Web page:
mouse cursor while video is playing. He’s also found problems with
video recording and two-finger scrolling in some cases, along with
issues with using the keyboard and full-screen mode in video
games. Thomson, the PCalc developer, said some older Mac computers
struggle to handle Catalyst apps that use another Apple system
called SceneKit for 3-D gaming and animations.
Other than that, how do you like the APIs, Mrs. Lincoln?
Two anticipated Catalyst apps, featured on Apple’s website since
June, were abruptly removed this week: the video-playing and
comic-book-browsing DC Universe and the car-racing game Asphalt 9.
Gameloft, which makes the racing game, said on Tuesday that the
title has been “slightly delayed” in order to “polish the
experience” and that it will launch later this year.
At WWDC in early June — four months ago — Apple showcased the catalyzed Asphalt 9 port on stage, with the following quote from Gameloft: “We had Asphalt 9: Legends for Mac running on the first day. It looks stunning and runs super fast using Metal on powerful Mac hardware.”
Maybe it’s not so easy, and maybe Catalyst is not good for games.
One last tidbit from Gurman:
However, Netflix Inc., the largest U.S. video-streaming service
with the second most popular free iPad app, said on Tuesday that
it won’t be taking part.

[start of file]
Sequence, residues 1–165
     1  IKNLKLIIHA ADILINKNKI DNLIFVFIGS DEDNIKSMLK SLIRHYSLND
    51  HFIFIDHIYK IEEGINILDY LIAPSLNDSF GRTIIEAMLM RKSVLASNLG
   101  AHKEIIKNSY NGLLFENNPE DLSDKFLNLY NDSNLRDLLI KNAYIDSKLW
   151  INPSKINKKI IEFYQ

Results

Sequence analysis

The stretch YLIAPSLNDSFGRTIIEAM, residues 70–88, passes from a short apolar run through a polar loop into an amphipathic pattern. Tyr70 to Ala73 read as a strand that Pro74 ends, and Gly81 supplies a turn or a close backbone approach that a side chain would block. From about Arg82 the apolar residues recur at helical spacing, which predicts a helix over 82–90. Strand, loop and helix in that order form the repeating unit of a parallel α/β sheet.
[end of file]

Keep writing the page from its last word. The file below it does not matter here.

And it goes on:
That’s all Gurman says about Netflix. No quote, no link to a Netflix statement. There have been no rumblings about a native Mac app — and word on the street has suggested it is not in the works — but Gurman reports this as categorical.
It’s a shame, because there are two features a native Netflix Mac app could deliver that you can’t get through their website using a Mac: downloads for offline viewing (essential for air travel) and 4K video. 4K might eventually get support from WebKit, but there’s no way Netflix could ever allow offline downloads from the website. I’m not sure what Netflix’s calculus is here, but the simple truth is that if Netflix wanted a native Mac app they would have made one long ago. ★
MacOS Tip of the Year: Turn Off Spotlight Suggestions in Look Up ★
Do you three-finger-tap to get definitions in macOS? Does it drive
you bonkers that the lookup overlay tries to access Wikipedia and
other random non-dictionary things?
Sysprefs → Spotlight → [uncheck] Allow Spotlight Suggestions
in Look up
Enjoy blazing fast definitions.
What a fantastic tip, if, like me, you only ever use this feature to get Dictionary lookups. I didn’t realize how slow this feature sometimes gets until I turned this off. Now it’s always instantaneous, as it should be. Remember: fast software is the best software.